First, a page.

Well I definitely learned something new today! Very cool picture; would love to see more artwork on Sciurumimus albersdoerferi. If you do decide to another version feel free to let me know :)
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:iconshade0fchaos:
shade0fchaos Featured By Owner Nov 21, 2012
You're definitely a talented artist; love this picture except that Sciurumimus albersdoerferi did have a long feathers and it is believed to have ate insects. It wasn't until it matured into an adult Megalosaur that it is believed to have made the transition to meat-eater.
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:iconeurwentala:
Eurwentala Featured By Owner Nov 22, 2012
Thanks!
This was drawn before the critter got a formal description, and I already note in the description that the tail feathers are not accurate. I should draw it again with a proper squirrel tail at some point.

I think it has been pretty widely accepted that many dinosaurs took care of their young, at least for a while after hatching. A newly hatched Sciurumimus could not have hunted other dinosaurs by itself, but if it's mom did the killing, why not? Also, almost any generalist insectivore today will take advantage of a nice dead animal it happens across, so I'm fairly sure this would be considered normal behaviour in such a case too. I've seen pictures of great tits eating dead deer, for example.
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:icon8bitaviation:
8bitAviation Featured By Owner Oct 13, 2012
what did you use to colour?
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:iconeurwentala:
Eurwentala Featured By Owner Oct 15, 2012
It's water-soluble pencils, a small brush and a bit of water.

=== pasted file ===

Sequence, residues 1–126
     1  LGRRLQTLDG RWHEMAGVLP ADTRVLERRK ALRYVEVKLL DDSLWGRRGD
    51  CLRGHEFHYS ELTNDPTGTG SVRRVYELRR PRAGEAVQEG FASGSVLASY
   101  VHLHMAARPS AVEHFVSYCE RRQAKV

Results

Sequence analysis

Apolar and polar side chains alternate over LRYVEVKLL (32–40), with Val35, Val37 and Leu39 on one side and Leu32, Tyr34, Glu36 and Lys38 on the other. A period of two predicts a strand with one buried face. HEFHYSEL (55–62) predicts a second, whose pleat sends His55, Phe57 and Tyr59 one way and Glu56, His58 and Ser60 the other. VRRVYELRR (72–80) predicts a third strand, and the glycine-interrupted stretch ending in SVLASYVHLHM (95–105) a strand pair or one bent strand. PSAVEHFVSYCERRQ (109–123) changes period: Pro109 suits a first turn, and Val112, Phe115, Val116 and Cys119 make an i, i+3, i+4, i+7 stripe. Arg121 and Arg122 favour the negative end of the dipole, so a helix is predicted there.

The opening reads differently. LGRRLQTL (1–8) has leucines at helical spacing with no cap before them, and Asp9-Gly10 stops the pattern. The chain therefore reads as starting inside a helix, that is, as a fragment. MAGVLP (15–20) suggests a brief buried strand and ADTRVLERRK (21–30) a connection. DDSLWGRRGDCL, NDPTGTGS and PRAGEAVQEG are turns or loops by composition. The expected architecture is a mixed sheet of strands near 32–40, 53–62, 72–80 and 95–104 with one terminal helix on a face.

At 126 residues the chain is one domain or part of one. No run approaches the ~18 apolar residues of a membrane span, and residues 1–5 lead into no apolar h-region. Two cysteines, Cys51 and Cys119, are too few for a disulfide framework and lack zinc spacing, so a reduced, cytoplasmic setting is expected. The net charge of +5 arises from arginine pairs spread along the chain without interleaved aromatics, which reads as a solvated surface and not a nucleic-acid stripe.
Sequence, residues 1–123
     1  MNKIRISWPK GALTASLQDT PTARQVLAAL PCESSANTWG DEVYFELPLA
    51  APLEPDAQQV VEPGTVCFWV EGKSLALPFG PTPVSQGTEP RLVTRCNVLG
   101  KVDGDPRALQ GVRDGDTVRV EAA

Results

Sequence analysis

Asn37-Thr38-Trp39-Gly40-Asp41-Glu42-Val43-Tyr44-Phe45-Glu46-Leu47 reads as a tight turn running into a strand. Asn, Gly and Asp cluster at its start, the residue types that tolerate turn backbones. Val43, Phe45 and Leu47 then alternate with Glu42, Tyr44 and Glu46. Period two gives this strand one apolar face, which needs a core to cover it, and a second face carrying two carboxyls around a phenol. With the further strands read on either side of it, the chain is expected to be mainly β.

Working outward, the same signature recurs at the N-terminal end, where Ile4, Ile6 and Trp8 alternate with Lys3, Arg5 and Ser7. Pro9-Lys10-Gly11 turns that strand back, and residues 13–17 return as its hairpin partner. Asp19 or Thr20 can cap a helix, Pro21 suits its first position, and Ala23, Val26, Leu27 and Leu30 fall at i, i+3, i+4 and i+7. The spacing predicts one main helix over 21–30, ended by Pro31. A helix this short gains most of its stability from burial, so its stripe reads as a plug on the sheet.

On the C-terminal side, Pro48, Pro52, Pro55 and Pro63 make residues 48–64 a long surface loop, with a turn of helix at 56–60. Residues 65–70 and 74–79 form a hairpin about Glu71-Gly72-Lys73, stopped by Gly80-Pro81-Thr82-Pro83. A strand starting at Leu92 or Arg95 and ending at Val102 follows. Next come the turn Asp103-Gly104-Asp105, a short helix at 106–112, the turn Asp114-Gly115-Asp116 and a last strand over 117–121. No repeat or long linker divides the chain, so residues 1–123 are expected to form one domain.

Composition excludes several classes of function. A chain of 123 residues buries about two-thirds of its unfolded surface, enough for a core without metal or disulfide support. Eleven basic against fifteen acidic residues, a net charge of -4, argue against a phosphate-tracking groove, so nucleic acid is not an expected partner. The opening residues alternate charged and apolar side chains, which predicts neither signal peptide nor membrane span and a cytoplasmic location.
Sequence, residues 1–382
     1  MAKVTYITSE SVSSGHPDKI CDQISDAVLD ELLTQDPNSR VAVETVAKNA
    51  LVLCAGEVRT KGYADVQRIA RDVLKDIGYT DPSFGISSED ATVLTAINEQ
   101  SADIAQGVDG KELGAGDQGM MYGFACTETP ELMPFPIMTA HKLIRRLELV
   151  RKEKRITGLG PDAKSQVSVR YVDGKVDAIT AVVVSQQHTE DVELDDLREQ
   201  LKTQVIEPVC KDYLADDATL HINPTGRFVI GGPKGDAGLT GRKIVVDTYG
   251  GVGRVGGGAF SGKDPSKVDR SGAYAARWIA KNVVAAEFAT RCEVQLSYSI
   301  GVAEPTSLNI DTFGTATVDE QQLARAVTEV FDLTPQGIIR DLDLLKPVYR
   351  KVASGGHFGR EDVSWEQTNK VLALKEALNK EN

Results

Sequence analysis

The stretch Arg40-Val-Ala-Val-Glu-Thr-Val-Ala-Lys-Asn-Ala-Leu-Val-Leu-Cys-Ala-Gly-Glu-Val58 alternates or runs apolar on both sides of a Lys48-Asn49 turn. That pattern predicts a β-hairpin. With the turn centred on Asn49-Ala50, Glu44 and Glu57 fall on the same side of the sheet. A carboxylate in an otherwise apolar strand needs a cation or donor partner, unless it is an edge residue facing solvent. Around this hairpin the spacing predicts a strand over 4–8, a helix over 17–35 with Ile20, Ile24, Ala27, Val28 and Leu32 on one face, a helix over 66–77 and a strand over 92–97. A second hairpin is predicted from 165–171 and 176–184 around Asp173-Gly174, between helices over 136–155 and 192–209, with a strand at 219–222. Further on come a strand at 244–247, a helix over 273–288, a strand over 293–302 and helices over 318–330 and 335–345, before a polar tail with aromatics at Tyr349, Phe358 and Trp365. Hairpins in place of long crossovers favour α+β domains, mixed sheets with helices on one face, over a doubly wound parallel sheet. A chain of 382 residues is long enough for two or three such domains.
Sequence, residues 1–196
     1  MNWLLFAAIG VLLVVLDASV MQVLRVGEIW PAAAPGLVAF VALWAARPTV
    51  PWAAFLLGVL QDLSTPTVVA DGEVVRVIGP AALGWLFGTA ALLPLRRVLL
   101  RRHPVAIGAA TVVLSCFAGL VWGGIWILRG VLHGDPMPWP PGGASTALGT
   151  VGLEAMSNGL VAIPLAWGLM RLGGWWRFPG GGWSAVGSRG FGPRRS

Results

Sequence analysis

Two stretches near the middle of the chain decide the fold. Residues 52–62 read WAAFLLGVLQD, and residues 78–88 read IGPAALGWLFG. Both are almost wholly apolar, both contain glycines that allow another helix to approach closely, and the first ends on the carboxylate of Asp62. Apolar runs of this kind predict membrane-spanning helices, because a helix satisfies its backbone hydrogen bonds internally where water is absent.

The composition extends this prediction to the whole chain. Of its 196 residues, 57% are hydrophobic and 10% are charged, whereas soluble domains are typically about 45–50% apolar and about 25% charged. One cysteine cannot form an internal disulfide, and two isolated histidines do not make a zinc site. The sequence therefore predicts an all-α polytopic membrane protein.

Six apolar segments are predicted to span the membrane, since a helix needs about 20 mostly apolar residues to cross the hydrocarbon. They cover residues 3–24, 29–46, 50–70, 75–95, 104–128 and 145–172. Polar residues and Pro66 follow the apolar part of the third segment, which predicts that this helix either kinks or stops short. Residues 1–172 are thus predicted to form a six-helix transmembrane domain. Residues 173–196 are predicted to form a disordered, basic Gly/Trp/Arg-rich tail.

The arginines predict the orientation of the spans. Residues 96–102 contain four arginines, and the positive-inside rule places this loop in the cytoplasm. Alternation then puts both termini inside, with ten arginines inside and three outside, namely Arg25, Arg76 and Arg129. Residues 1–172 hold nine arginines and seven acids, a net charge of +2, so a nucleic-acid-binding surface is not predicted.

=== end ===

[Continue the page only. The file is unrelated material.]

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:icon8bitaviation:
8bitAviation Featured By Owner Oct 15, 2012
ok, thanks :)
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:iconseverusblackpaw:
SeverusBlackpaw Featured By Owner Sep 30, 2012  Hobbyist Digital Artist
awwww thats sooo cute :D
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:iconeurwentala:
Eurwentala Featured By Owner Oct 1, 2012
Thanks. :)
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:iconneustrasbourg:
NeuStrasbourg Featured By Owner Aug 12, 2012
Of course it's ridiculous for me to say this since I already knew you're from finland before looking at this, but I feel your illustration has a very "finnish" atmosphere. It reminds me of the illustrated wildlife guides in my grandpa's mökki. I could really picture this guy sitting among the blueberrys or on the beach of our lake :)
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:iconeurwentala:
Eurwentala Featured By Owner Aug 12, 2012
Thanks! I never really thought about that, but now that you say it, the old Finnish wildlife and plant guidebooks have been an important inspiration for me. I mean the ones that were standard schoolbooks during my mother's school years. I almost read them to pieces when I was little.

So you have relatives in Finland. Cool. :)
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:iconumbreon0001:
Umbreon0001 Featured By Owner Jul 15, 2012  Student General Artist